The translate function can be a very powerful tool in the SQL coder's tool belt. TRANSLATE converts a string expression character by character using a "from string," or translation table, with a matching character in the "to string."
I actually used to wonder why I'd ever need to use this function. Soon enough I realized that sometimes you may need to know if a string column like CHAR or VARCHAR contains all numeric or all alphanumeric values.
What follows is a demonstration of how TRANSLATION works. I used the IBM sample table (DSN8810.DEPT), which has a department number column (DEPTNO) defined as CHAR(03). The sample data has mixed alphanumeric and numeric values. I added department 123 and XYZ to the table just for demonstration purposes.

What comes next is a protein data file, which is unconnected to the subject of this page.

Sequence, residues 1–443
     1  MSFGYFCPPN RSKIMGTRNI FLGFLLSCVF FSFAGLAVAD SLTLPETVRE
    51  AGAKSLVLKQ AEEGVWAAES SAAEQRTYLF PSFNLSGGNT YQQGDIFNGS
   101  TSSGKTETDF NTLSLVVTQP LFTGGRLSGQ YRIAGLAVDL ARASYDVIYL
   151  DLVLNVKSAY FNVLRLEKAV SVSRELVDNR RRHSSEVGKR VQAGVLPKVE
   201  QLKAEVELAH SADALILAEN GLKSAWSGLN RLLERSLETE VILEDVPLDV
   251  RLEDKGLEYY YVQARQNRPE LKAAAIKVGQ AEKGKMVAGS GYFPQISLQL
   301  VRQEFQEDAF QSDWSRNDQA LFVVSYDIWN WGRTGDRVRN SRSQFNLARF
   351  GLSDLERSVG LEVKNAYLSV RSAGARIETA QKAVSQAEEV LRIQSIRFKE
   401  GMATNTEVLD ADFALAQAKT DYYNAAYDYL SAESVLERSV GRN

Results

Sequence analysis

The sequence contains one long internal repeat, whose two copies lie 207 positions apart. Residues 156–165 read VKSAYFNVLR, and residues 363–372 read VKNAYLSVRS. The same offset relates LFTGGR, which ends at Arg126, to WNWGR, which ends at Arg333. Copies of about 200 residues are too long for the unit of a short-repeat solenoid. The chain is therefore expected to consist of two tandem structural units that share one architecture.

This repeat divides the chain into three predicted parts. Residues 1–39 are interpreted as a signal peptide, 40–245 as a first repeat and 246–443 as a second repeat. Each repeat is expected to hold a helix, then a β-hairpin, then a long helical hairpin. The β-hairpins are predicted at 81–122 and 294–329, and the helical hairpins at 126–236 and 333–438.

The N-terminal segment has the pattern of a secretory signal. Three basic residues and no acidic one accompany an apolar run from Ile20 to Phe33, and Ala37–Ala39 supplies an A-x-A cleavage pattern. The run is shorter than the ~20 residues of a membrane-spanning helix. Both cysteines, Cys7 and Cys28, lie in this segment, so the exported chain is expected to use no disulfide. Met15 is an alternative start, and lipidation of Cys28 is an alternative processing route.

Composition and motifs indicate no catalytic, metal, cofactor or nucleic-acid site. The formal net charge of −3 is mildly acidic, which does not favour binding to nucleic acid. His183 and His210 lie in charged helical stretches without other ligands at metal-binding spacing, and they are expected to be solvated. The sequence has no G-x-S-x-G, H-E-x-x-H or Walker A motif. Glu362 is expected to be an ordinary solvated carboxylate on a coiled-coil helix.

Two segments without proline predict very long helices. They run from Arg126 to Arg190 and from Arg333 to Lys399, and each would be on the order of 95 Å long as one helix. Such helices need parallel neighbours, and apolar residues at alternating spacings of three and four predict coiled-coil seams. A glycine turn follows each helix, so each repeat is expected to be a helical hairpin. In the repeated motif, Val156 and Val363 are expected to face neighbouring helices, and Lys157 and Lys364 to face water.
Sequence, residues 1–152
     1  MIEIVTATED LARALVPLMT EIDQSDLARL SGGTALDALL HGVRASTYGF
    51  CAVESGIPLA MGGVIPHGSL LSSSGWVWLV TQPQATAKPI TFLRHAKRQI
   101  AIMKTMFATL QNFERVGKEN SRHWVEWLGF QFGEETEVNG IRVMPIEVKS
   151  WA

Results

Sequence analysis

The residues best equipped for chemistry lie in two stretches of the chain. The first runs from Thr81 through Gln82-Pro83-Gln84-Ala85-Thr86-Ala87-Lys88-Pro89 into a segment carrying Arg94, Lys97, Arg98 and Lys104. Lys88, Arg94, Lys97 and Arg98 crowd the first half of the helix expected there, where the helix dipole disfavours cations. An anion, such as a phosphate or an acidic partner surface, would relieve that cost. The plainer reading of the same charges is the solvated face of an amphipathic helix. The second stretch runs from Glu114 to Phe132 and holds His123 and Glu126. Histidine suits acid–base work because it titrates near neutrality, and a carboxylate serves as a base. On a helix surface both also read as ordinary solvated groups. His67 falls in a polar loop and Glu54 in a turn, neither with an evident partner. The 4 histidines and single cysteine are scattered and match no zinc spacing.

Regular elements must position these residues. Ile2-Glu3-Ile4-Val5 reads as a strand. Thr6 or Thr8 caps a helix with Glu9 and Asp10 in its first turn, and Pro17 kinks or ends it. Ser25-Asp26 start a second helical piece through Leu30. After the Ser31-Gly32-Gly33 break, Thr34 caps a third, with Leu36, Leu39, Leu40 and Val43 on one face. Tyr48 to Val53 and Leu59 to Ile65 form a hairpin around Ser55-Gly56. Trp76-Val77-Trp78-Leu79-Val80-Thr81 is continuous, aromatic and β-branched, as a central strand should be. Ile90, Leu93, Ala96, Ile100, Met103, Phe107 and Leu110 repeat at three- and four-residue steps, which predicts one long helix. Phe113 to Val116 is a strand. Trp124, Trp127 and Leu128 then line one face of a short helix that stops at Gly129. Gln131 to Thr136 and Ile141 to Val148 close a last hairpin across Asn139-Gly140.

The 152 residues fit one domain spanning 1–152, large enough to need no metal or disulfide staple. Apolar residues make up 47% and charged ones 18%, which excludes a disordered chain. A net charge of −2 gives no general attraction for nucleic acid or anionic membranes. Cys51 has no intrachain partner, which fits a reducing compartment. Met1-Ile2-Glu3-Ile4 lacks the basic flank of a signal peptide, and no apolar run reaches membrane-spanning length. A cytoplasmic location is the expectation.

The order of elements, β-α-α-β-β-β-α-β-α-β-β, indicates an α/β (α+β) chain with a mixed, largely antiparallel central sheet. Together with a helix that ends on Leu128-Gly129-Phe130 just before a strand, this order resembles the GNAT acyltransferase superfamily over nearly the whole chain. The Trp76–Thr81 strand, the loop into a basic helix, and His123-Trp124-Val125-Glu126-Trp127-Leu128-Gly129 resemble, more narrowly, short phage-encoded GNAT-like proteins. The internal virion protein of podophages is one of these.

In the sample SQL below, TRANSLATE converts each character found in the DEPTNO column. The third parameter is the from string. When the character in the from string is found the corresponding to string, the value is displayed in the result string. In this example the character "0 through 9" is converted to an "0" and "A through Z" results in a space character (' '). The result is passed up to the outer select, which applies a case statement to return the type of data being stored in the column.
WHEN '000' THEN 'NUMERIC '
WHEN ' ' THEN 'ALPHANUMERIC'
) AS TYPE
FROM YDGF450P.DEPARTMENT D
) AS T ;
The results of this query:
Another reason you may need to use TRANSLATE is to fix a data processing problem. Maybe the string contains a special character (e.g., $) that must be removed so your application can process correctly. Let's assume that "$" is in the string and you need to replace it with spaces (' ').
This use of TRANSLATE would correct this problem.
SELECT TRANSLATE('THIS$IS$A$TEST.', ‘ ‘, '$' )
Results: THIS IS A TEST.
If you have some examples of how TRANSLATE has solved problems for you, please post it in Comments so everyone learn more about this great DB2 function.